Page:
If last night’s Gotham Awards ceremony at Cipriani were any indication, the upcoming spate of year-end prize-giving will be a series of smooth, well-oiled affairs. With machinelike precision — are we sure these are independent filmmakers? — the unofficial kickoff to the 2008 movie-awards season began on time, ended on time, and pretty much went without a hitch. (We’ll assume they came in on budget, too.) Even host Aasif Mandvi, who bombed big early on with a painful and endless riff about how the election of Barack Obama was just a very stoned Allah’s idea of a joke on the U.S. (his “Allah voice” sounded like a cross between Gandhi and Cheech Marin), recovered quickly when he called the audience "the Joe Liebermans of filmmaking," to a chorus of appreciative boos. (You kind of had to be there.)
Hosted by the Independent Feature Project (IFP), the Gothams also appeared to have shed the identity crisis of the last several years. Yes, we all had a weird moment of clarity when the tribute reel for Penélope Cruz, one of the night’s honorees, reminded us that she was also in Captain Corelli’s Mandolin and Vanilla Sky. But the night’s other honorees were all spot-on: HBO Documentary head Sheila Nevins (who had the night’s best line when she playfully refused to thank her programmers “because we’ve all seen All About Eve”), director Gus Van Sant, and the estimable Melvin Van Peebles, who received a warm, extended standing ovation. The coveted Best Feature award went to Courtney Hunt’s acclaimed no-budget indie drama Frozen River, which isn’t exactly a hot Oscar Watch item, save perhaps for Melissa Leo’s lead performance, which the Gothams also rewarded. (It should be noted, however, that River won at Sundance and just yesterday bagged a whole crapload of Spirit nominations, so maybe we’re being too cynical.) The Documentary winner, Tia Lessin and Carl Deal’s Trouble the Water, probably has a better shot at an Oscar, since it’s already been short-listed by the Academy. You can see the rest of the winners here.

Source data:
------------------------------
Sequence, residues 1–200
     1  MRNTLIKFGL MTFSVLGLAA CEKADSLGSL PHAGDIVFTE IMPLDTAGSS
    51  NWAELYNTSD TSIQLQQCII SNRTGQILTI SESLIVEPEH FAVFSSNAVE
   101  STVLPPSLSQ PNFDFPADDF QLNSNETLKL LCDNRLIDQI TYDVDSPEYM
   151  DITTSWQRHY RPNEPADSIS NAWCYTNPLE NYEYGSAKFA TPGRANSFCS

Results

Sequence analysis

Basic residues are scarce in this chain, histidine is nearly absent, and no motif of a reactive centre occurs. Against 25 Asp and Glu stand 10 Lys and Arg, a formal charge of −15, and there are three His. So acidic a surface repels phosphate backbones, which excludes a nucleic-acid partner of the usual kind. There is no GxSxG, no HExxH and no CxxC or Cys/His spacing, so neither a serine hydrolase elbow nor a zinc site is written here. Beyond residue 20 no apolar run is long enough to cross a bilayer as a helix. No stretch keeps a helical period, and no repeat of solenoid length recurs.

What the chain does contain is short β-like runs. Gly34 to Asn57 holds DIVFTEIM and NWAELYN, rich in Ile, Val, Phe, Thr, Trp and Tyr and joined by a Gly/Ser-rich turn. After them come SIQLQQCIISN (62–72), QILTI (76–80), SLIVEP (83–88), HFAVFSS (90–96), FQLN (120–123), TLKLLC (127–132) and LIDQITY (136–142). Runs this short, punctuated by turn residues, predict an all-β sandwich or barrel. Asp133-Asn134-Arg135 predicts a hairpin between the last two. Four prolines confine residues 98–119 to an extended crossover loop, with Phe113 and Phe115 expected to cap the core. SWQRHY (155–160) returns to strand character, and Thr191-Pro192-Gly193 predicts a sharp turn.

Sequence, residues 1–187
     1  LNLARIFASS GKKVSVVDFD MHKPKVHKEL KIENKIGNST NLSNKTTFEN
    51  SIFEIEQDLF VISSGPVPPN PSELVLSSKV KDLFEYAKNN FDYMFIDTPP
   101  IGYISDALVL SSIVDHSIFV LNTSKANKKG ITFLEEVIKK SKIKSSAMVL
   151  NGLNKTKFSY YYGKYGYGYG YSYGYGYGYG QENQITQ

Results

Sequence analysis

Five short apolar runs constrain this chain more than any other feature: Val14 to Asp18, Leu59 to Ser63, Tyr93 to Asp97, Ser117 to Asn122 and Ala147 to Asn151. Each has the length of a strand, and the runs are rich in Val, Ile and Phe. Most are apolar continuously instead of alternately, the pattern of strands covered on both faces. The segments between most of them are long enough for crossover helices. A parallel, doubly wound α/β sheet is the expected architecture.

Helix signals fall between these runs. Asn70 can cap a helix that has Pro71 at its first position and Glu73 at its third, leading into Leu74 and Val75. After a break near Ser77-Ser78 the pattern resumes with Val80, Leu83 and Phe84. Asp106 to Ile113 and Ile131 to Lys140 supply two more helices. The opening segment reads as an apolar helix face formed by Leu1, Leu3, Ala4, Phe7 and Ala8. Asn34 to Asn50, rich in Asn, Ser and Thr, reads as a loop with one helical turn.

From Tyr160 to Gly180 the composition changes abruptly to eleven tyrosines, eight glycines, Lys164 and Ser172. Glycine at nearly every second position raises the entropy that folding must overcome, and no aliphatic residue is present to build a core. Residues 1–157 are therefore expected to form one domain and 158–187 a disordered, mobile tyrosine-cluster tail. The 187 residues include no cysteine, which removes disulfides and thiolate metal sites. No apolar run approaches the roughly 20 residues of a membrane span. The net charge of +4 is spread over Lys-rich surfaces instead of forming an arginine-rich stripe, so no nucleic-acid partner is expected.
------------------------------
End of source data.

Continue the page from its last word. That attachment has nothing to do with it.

In truth, Vulture’s high point of the evening came early, when director Nina Paley won Best Film Not Playing at a Theater Near You for her unbelievably awesome animated film Sita Sings the Blues, which we touted in the Picture Palace and elsewhere earlier this year. Paley also happened to be one of our tablemates, and we were disconcerted to learn that, despite critical acclaim and a number of awards, Sita may remain undistributed. The problem? While the recordings of the lovely Annette Henshaw songs throughout the film are in the public domain, their lyrics, evidently, are not. And the rights holders are asking for extortionate prices — apparently unable to comprehend the fact that Paley’s film is the biggest and most compelling marketing tool they’ll ever have for these works. (You can learn more about Paley’s film and her travails here.) Still, we hope she enjoys her award — especially since it carries with it a $15,000 cash prize.